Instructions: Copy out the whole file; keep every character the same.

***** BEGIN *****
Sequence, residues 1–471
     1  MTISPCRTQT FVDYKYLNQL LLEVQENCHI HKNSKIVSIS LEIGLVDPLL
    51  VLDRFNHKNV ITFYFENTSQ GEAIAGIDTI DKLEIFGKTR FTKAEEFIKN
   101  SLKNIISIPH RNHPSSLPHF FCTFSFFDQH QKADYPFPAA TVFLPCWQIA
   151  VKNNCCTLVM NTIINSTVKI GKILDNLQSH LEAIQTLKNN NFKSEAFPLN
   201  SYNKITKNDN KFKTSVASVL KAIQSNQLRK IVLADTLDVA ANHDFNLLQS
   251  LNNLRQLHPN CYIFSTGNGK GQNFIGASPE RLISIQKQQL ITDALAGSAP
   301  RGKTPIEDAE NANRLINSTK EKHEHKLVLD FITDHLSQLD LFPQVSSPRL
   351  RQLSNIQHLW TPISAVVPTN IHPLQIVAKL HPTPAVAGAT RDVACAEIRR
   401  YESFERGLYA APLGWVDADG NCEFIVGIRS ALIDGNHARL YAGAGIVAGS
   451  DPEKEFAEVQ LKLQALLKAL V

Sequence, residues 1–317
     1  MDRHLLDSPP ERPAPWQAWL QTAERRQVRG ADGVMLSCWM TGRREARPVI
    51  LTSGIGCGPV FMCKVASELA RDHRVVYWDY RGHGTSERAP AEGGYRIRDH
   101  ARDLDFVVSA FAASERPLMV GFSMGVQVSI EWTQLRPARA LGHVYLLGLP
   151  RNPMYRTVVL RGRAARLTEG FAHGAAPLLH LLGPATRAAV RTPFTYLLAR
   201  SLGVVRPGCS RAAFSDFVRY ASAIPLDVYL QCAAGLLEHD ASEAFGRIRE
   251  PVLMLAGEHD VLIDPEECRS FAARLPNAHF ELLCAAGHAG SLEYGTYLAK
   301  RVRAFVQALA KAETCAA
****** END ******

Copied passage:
Sequence, residues 1–471
     1  MTISPCRTQT FVDYKYLNQL LLEVQENCHI HKNSKIVSIS LEIGLVDPLL
    51  VLDRFNHKNV ITFYFENTSQ GEAIAGIDTI DKLEIFGKTR FTKAEEFIKN
   101  SLKNIISIPH RNHPSSLPHF FCTFSFFDQH QKADYPFPAA TVFLPCWQIA
   151  VKNNCCTLVM NTIINSTVKI GKILDNLQSH LEAIQTLKNN NFKSEAFPLN
   201  SYNKITKNDN KFKTSVASVL KAIQSNQLRK IVLADTLDVA ANHDFNLLQS
   251  LNNLRQLHPN CYIFSTGNGK GQNFIGASPE RLISIQKQQL ITDALAGSAP
   301  RGKTPIEDAE NANRLINSTK EKHEHKLVLD FITDHLSQLD LFPQVSSPRL
   351  RQLSNIQHLW TPISAVVPTN IHPLQIVAKL HPTPAVAGAT RDVACAEIRR
   401  YESFERGLYA APLGWVDADG NCEFIVGIRS ALIDGNHARL YAGAGIVAGS
   451  DPEKEFAEVQ LKLQALLKAL V

Sequence, residues 1–317
     1  MDRHLLDSPP ERPAPWQAWL QTAERRQVRG ADGVMLSCWM TGRREARPVI
    51  LTSGIGCGPV FMCKVASELA RDHRVVYWDY RGHGTSERAP AEGGYRIRDH
   101  ARDLDFVVSA FAASERPLMV GFSMGVQVSI EWTQLRPARA LGHVYLLGLP
   151  RNPMYRTVVL RGRAARLTEG FAHGAAPLLH LLGPATRAAV RTPFTYLLAR
   201  SLGVVRPGCS RAAFSDFVRY ASAIPLDVYL QCAAGLLEHD ASEAFGRIRE
   251  PVLMLAGEHD VLIDPEECRS FAARLPNAHF ELLCAAGHAG SLEYGTYLAK
   301  RVRAFVQALA KAETCAA